Definition of ‘car’, 1907: “an ingenious device for public slaughter”

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In its Victorian heyday the satirical magazine Punch (1841-2002) poked fun at bicyclists and automobilists: both were guilty of “scorching” (speeding) and both ignored the prior road rights of pedestrians.

However, by the 1920s, ‘Motor Mania’ had seen to it that the Middle Class had become the Motoring Class, and Mr Punch – ie the writers and cartoonists on the magazine – had become “himself an enthusiast of the whirling wheel.” By the 1940s, cars had killed so many people, J. S. Dean wrote his famous pro-pedestrian tract, Murder Most Foul.

It made little difference. Road deaths had become acceptable to British society.

The rights of the motorist trumped all other rights. This ‘Motor Ascendancy’, before it became the norm, had been mocked by Punch. It’s fascinating to read volumes of Punch and see this transformation: from cars as killers and usurper of rights, motorists as “motor fiends”; to motorists as rightful “owners of the road”, immune to any charges of death on the streets.

I’m researching this history for my book on road rights, Asphalt: A Love story.

There are some illuminating cartoons and poems from the Victorian and Edwardian periods of Punch which show how the coming of the motorcar was feared. “Road hogs”, a term first ascribed to cyclists, was switched to describing motorists. A car, to the editor of Punch in 1907, was “an ingenious device for public slaughter”.

This is prescient. Today, if you want to kill with impunity, assassinate your target with a car and you’ll get little more than a slapped wrist. Only an idiot would choose to murder with a gun or a knife.

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THE MOTOCRAT (1905)
I am he: goggled and unashamed. Furred also am I, stop-watched and horse-powerful. Millions admit my sway—on both sides of the road. The Plutocrat has money: I have motors. The Democrat has the rates; so have I—two—one for use and one for County Courts. The Autocrat is dead, but I, I increase and multiply. I have taken his place.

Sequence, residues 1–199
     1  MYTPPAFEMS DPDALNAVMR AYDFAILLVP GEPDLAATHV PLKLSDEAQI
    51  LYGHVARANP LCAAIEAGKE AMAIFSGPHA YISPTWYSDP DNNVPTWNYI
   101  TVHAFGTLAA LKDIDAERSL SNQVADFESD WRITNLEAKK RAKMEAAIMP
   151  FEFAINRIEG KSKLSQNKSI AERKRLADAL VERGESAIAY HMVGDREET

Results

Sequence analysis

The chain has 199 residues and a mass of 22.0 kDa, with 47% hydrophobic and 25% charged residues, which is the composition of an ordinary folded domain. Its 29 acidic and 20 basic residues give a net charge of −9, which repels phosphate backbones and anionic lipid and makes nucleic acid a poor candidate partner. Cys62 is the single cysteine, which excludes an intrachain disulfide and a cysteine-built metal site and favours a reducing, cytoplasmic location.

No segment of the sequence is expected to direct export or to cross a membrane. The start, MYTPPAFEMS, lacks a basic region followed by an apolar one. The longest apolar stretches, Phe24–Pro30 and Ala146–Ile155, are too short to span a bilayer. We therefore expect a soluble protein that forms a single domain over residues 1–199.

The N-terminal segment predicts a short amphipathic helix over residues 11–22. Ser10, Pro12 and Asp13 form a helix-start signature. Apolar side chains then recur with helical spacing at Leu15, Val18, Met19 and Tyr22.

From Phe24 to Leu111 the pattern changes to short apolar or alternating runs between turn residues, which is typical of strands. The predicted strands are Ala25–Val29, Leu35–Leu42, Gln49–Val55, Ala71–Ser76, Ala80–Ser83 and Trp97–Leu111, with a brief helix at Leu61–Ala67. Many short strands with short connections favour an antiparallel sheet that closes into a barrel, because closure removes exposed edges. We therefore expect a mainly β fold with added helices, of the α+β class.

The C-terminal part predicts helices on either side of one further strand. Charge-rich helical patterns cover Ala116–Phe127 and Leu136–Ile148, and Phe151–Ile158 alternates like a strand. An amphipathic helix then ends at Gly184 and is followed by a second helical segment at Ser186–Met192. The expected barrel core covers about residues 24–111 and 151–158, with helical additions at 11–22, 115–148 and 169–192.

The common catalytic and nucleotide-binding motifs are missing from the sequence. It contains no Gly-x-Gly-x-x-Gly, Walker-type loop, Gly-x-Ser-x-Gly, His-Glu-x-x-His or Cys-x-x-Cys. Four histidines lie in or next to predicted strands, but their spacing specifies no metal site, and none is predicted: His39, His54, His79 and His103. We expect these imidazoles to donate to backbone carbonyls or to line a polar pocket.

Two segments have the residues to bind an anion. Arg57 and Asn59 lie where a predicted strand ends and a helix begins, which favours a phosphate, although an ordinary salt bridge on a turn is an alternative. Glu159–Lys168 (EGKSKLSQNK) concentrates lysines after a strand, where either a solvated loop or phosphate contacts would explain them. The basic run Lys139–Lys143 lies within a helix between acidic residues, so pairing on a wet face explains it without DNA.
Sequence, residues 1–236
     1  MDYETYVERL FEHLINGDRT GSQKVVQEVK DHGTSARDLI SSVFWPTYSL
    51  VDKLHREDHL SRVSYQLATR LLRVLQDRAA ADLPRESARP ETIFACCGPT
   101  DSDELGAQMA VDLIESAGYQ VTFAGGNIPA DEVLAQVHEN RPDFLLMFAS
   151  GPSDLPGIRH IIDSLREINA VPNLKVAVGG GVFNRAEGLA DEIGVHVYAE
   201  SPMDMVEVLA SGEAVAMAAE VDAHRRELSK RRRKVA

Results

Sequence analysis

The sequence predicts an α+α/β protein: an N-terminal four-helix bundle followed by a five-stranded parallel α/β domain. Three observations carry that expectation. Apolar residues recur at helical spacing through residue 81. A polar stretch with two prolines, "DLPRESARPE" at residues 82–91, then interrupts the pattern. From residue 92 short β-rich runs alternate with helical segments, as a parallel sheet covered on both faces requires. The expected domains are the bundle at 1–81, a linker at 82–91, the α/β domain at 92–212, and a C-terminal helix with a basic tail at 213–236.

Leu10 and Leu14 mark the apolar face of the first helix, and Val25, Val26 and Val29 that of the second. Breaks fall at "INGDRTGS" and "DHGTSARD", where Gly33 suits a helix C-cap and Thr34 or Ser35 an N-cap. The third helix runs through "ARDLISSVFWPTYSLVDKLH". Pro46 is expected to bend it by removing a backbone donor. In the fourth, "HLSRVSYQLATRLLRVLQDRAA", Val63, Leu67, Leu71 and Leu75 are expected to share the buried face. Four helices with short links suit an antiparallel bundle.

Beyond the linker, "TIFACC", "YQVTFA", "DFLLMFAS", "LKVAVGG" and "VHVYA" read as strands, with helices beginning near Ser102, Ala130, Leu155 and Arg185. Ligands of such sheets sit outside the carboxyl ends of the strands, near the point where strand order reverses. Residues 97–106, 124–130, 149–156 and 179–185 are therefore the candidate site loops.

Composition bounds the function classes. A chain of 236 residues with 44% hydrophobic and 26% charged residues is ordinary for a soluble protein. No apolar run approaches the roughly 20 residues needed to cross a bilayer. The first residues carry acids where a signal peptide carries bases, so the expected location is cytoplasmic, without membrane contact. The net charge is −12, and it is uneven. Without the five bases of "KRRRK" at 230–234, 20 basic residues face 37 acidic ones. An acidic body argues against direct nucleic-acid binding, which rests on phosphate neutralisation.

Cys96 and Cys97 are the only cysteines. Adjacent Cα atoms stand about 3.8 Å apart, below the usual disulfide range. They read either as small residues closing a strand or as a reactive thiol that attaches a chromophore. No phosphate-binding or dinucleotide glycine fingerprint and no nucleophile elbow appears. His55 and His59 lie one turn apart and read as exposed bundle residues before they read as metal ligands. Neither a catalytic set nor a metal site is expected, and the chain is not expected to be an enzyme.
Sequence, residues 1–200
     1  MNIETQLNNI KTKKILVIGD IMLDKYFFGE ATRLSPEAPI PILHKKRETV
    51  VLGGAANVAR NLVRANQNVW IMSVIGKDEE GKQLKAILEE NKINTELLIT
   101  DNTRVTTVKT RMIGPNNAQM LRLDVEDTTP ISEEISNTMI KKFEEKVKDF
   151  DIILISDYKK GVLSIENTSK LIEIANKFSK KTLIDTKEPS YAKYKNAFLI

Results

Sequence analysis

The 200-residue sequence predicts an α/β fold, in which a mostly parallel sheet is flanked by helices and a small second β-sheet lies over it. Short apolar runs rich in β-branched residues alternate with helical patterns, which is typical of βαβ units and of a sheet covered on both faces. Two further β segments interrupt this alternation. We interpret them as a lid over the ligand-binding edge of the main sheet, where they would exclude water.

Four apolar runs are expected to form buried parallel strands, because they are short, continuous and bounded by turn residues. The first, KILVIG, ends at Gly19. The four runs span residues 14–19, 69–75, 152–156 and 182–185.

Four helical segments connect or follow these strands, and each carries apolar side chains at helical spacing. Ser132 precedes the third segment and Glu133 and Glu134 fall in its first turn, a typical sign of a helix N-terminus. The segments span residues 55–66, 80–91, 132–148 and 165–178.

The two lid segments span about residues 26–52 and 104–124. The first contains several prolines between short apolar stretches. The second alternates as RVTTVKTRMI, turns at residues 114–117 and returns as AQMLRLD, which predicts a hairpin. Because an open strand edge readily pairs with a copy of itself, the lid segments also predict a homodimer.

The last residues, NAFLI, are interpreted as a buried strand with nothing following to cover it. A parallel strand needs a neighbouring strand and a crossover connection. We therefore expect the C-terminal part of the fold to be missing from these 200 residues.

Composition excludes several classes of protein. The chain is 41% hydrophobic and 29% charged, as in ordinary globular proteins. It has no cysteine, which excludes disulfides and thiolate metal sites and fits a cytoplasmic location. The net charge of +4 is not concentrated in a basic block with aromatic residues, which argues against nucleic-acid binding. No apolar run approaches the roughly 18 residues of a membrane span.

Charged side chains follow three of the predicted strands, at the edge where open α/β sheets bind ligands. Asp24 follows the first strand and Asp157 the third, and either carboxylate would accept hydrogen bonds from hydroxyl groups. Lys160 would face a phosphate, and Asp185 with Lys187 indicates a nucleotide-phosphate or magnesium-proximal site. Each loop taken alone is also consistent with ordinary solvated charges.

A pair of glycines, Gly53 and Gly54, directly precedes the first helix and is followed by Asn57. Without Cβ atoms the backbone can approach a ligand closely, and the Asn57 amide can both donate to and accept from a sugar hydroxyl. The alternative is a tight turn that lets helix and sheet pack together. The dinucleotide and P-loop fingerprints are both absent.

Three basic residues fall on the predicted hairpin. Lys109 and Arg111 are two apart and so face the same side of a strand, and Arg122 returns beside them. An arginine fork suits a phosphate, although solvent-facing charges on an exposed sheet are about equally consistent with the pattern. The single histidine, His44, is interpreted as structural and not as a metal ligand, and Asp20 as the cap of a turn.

I blow my horn and the people scatter. I stand still and everything trembles. I move and kill dogs. I skid and chickens die. I pass swiftly from place to place, and horses bolt in dust storms which cover the land. I make the dust storms. For I am Omnipotent; I make everything. I make dust, I make smell, I make noise. And I go forward, ever forward, and pass through or over almost everything. “Over or Through” is my motto.

The roads were made for me; years ago they were made. Wise rulers saw me coming and made roads. Now that I am come, they go on making roads—making them up. For I break things. Roads I break and Rules of the Road. Statutory limits were made for me. I break them. I break the dull silence of the country. Sometimes I break down, and thousands flock round me, so that I dislocate the traffic. But I am the Traffic.

I am I and She is She – the rest get out of the way. Truly, the hand which rules the motor rocks the world.

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MOTOR QUESTIONS (1903)
What rushes through the crowded street
With whirring noise and throbbing beat,
Exhaling odours far from sweet?
The motor-car.

Whose wheels o’er greasy asphalte skim,
Exacting toll of life and limb,
(What is a corpse or so to him)?
The motorist’s.

Who flies before the oily gust
Wafted his way through whirling dust,
And hopes the beastly thing will bust?
The pedestrian.

Who thinks that it is scarcely fair
To have to pay for road repair
While sudden death lies lurking there?
The ratepayer.

Who as the car goes whizzing past
At such law-breaking stands aghast,
(For forty miles an hour is fast)?
The policeman.

Who hears the case with bland surprise,
And over human frailty sighs,
The while he reads between the lies?
The magistrate.